Should I go outside in the COVID-19 era?

(Herald file photo)

Saskatchewan in Motion, Submitted

By Louise de Lannoy, Marina Brussoni and Mark Tremblay of Outdoor Play Canada

Can I go outside? Is it even safe for me to go outside? As “social distancing,” “physical distancing,” and “self-isolation” enter the global public lexicon and we are transfixed to the news trying to understand how to protect ourselves and our loved ones, there has been a great deal of confusion as to whether we can go outside and take our children out to play.

Canadians are being asked to practice social distancing (more recently and appropriately being called physical distancing) to decrease the spread of COVID-19 in the community. Physical distancing involves ‘taking steps to limit the number of people you come into close con- tact with.’ Unless you are told to self-isolate, practicing physical distancing includes going outdoors. In fact, the Ottawa Public Health Unit lists ‘spending time outside and in settings where people can maintain a 1-2 metre distance from each other’ as one of the ways to practice physical distancing.

Many people may assume they should stay indoors, when in fact, they should stay apart. This can be readily, and responsibly done in the outdoors, while benefiting from its many health promoting features.

Transmission is less likely outdoors

Why is it safe and recommended to go outdoors as part of physical distancing practices? Getting outdoors reduces the risk of transmitting viruses (including COVID-19), whereas being indoors is actually worse for virus transmission, such as being in closer contact with those who might be sick, and being in dry, indoor environments.

Outdoor physical activity makes our immune system more robust

When we go outdoors, we are more physically active, reduce our screen time, and sleep better – and all of these things makes our immune system more robust and increases our defence against COVID-19 and any other challenge to our health. Getting outdoors increases our exposure to sunlight, which boosts vitamin D levels, which can in turn boost the immune system and reduce risk of infection.

While it may be tempting to indulge in movie marathons, stay up late, and become lax with screen time restrictions for ourselves and our children during this pandemic, now more than ever is the time to adhere to healthy movement guidelines to maintain a healthy immune system and build a strong defence.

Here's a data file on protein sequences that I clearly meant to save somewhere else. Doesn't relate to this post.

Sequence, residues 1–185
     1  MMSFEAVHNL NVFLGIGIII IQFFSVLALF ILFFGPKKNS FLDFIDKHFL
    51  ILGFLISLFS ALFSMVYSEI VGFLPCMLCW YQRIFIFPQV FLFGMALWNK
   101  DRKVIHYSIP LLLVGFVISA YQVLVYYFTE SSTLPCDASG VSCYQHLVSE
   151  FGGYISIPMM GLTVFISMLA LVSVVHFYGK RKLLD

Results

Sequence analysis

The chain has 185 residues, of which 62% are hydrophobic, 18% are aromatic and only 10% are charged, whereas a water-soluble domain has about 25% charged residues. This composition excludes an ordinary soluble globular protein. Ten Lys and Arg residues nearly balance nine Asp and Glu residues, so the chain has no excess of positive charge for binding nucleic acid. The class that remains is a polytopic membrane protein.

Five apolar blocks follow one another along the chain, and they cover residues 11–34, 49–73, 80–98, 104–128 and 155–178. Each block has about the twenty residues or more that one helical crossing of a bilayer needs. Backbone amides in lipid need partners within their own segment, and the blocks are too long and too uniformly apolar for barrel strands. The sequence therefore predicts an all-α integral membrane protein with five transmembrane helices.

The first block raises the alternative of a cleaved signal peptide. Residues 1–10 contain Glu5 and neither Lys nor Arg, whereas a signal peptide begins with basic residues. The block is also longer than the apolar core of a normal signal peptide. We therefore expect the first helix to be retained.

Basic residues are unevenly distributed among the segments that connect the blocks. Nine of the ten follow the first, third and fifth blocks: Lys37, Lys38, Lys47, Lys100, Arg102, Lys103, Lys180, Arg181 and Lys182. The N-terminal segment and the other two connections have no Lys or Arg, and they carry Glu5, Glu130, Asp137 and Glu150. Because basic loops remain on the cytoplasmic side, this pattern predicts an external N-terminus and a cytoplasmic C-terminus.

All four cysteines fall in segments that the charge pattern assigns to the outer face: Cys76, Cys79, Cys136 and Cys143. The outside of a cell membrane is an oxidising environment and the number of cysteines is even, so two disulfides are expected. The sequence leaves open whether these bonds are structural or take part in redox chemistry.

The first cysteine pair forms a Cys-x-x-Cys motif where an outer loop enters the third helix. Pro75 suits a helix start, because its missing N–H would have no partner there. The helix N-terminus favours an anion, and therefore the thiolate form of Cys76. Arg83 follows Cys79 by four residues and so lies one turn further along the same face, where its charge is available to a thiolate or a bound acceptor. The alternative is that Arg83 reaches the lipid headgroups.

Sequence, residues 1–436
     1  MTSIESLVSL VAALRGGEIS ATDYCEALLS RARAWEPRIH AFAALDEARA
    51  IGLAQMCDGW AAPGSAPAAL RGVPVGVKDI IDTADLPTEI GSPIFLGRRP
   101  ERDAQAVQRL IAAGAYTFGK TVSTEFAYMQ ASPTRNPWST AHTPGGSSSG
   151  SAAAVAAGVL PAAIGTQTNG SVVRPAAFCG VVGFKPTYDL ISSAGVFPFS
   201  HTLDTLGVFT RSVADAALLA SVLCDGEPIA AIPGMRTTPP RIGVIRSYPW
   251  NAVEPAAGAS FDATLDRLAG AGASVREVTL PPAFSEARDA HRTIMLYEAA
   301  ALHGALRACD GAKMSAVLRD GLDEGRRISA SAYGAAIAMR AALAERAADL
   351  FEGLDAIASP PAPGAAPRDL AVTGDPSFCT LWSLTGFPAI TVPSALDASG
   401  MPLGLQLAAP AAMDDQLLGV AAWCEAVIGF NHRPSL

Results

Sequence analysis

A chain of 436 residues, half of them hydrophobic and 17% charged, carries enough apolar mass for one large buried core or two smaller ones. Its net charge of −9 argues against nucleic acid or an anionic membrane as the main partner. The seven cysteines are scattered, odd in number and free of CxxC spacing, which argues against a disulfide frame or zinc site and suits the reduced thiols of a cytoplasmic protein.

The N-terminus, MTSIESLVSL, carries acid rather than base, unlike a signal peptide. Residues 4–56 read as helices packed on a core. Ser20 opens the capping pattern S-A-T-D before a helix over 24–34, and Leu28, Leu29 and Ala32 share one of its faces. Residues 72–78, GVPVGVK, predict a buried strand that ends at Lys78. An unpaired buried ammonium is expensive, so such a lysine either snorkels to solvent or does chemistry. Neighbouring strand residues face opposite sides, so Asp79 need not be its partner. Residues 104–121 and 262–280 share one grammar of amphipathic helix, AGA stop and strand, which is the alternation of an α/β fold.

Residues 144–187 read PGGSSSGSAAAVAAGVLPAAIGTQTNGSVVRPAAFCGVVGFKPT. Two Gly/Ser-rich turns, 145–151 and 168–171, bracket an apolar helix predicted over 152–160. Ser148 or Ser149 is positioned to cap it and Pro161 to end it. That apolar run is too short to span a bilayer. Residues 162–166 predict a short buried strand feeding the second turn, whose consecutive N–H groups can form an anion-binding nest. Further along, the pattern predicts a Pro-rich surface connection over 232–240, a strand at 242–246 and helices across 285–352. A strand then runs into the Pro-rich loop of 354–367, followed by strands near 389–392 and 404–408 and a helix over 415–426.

Getting outside is an essential part of this, especially for children. As we’ve stated in the Position Statement on Active Outdoor Play, when children are outside they move more, sit less, and play longer, all of which is important to maintain physical and mental health.

Connecting to community and making isolation less isolating

Being outdoors, walking around your neighbourhood, sitting outside to watch the birds as the weather warms, playing with your kids – all of these types of activities are good for your mental health and may help you feel more connected to the environment and less isolated while maintaining physical distancing. Do not engage in such activities in large groups!

Important for children’s ability to process what is happening right now

Getting kids outdoors for active play may also help them process the new normal right now. Outdoor play provides children with a sense of control and agency over their own actions and is important for social-emotional skill building. Play is therefore especially important to help children process their own emotional responses to adversity and stress, such as with the current pandemic. It provides an important and much healthier environment option than screen time, and it will help them sleep better.

How to get active outdoors

Several cities have closed playgrounds or limited access – obey these decisions. Go to parks that remain accessible, ideally at off-peak times to avoid crowds. Be prepared to return home if it is too crowded to practice physical distancing. Use other outdoor spaces, such as drive-ways, backyards, sidewalks, cul-de-sacs, and forests while respecting distances and infection etiquette (e.g., staying 1-2m apart, coughing into elbows, washing hands when back inside).

For guidance on physical distancing while using parks and trails see the statement from the National Parks and Recreation Association.

There are a number of resources available to help families stay active. Saskatchewan in Motion has an interactive Outdoor Physical Activity Idea Jar, and Childhood by Nature has a number of free nature-based educational resources.

Consider taking micro breaks outdoors. For parents trying to get a full day’s worth of work done while at home, taking small physical activity breaks outdoors with kids may just be the way to do this, while helping their, and your, physical and mental health. Daily physical activity recommendations (for adults or children) do not have to be met in a single bout.

Above all: stay safe, stay healthy. Getting active and outdoors, while adhering carefully to public health guidance can help cope, contain, and combat COVID-19.

Saskatchewan In Motion made a bingo card for walkers to make a game out of their trip.

National and international COVID-19 resources

The Government of Canada web page is an excellent resource for the latest updates on COVID-19 in Canada and has created a number of easy-to-understand resources on how to stay safe during the outbreak.

For international updates, the World Health Organization is a key resource.

For resources on physical distancing and when and how to self-isolate, the Ottawa Public Health Unit has a number of excellent guidelines.